I love good hooks as much as the next person. We see them in movies all the time.
In the movie, the scene pans from earth to modern-day, where Diana is going to her office. At the same time, an armored truck pulls up with Wayne Enterprises on the side. Two men get out, and one delivers a briefcase to Diana.
As she opens the briefcase, the camera pans to see a picture that Bruce Wayne sends. Included with the snapshot is a note telling her he found the original and hopes Diana will tell the story one day.
The scene then moves to when she was a little girl being trained.
What a way to start a story!
The opening scene in a movie is an example of hooking a viewer. Some people call it a story gap or a gap.
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As writers, we need to have an introduction that pulls in the reader, much like a movie has a story gap.
Today we are going to discuss three no-frills tips for writing more engaging content, and we will start with the introduction.
Pay attention to your introduction
It seems as if introductions are looked over quite often when I look at articles. Your introduction needs to have a hook.
Why, because if you lose your reader before they are finished reading the introduction, you lose them for the entire post.
Introductions are often as important as the title. I mean, if you spend time working on a compelling title to get people to read, then you need to keep them hooked during the introduction.
I always tell people there are two ways to create a hook in your blog post. First, use a compelling story that you can use to segue into your article.
Second, find the kind of data that can create a hook because it is so surprising.
Julie Neidlinger calls it an interesting fact in her article at CoSchedule. And, she gives a great example in the very article she writes about good introductions.
You can see the interesting information in which she leads in the screenshot below.
She goes on to give six more reasons in an excellent article about introductions.
I personally like to use a story. The key to using a story is that it has to be able to connect to the article.
Here is one I did for an article at a popular marketing blog.
One of the best things you can do is to write your introduction last, which helps you make these connections.
“Only after you have finished your thesis, your analysis, your conclusion — the meat of your post — do you attempt the introduction. After all of that has been written, you know better off what your introduction is. Your thesis is what needs to drive your post, not your introduction.” Source: CoSchedule
She’s right. Pay attention to your introduction.
Write like a copywriter, not an English major
Look, I love my English professor too. She was awesome. She taught me to be more specific, or at least she tried. She taught me how to write papers my other professors would like.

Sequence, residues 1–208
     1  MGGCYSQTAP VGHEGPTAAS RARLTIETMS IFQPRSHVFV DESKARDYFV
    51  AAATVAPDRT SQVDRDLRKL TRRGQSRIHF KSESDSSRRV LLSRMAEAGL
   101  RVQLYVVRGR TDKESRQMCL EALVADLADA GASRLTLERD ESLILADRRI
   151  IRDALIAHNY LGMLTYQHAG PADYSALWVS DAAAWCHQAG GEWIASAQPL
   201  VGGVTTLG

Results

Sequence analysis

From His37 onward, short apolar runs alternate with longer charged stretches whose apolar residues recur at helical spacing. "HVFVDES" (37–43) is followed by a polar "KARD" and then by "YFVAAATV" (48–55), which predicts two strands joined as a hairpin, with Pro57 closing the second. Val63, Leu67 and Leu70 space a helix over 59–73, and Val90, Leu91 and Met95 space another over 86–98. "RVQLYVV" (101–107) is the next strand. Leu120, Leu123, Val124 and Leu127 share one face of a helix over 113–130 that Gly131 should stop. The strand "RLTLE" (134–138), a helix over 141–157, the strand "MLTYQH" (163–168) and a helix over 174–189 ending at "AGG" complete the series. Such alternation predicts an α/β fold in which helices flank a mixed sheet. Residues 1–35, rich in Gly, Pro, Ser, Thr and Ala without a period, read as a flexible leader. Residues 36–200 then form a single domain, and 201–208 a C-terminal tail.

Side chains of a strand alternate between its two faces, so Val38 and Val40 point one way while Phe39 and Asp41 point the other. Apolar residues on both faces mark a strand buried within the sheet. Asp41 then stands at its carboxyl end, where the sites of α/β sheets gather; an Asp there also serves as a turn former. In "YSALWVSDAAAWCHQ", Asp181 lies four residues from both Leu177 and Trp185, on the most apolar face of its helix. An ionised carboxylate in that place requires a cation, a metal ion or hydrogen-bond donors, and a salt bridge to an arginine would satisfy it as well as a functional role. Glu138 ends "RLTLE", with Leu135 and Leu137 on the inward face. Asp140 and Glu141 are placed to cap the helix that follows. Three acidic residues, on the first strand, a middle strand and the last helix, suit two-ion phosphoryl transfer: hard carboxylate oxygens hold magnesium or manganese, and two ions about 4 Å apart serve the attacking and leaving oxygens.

If you want to be an academic writer, that’s fine. Write for an academic journal. However, if you are going to write for your audience, be more like a copywriter.
What does that mean?
Write to persuade, not just to inform.
I am not advocating to forget your grammar, not at all. Get an account of Grammarly or ProWritingAid. Use it to double-check your work. Make sure you have your grammar down and words spelled correctly.
However, pay attention to copywriting because sometimes it works to break the rules.
Robin Geuens has some great tips at Jeff Bullas’ blog about using copywriting in content marketing.
Cite your sources that give your article authority
Citing sources is a no-brainer. I mean, seriously, if you are talking about someone else’s idea, you cite the source. This is rocket science, my friends.
Remember back when you were in college, and you had to cite your sources in your paper. Yeah, that, however, there is a way to do it in blog posts.
We are, after all, brand experts to our audience.
Angela Tague reminds us,
“Brands are experts in their respective fields. But to authentically bolster their thought leadership and win over new consumers, it behooves them to dig deep and give their readers information that has depth beyond basic details or opinionated musings.”
Corey Wainwright gives three different ways you can cite a source within a blog post.
To increase your authority, refer to sources that are studies such as the ones mentioned here at ClearVoice. Joanna Wiebe of Copyhackes refers to using academic studies in this tutorial video. Imagine referencing information in academic research. That would increase your authority quickly.
Another option is to do your own study.
As she said in her Tuesday Tutorial from 2018,
“But a study might be something that you’ve done. Did you guys learn something at your business? Did you put an event together and have an AB test for your landing page? Something like that. It doesn’t always have to be an AB test either, but is there a study, is there something that’s like, “Here’s some proof that what I’m saying is not just something I’m making up.” So have two studies.”
When you use good sources for your articles, this will give you authority to your audience.
Wrapping it up
There are many things you can do to make your content more compelling, but these three items are fundamental.
Be sure to pay attention to your introductions. You can use a story or an interesting piece of information to hook your reader.
Brush up on your copywriting tips, and be sure to edit. Make sure you write more like you speak than like you are writing for your English professor.
Boost the authority of your articles with relevant sources and original studies that you can point your audience to give your thoughts credibility. As a result, you will further differentiate you from others in the field who slide by on weak content.
What else do you do to make your content more compelling? Let us know in the MainWP community or the MainWP Users Facebook group.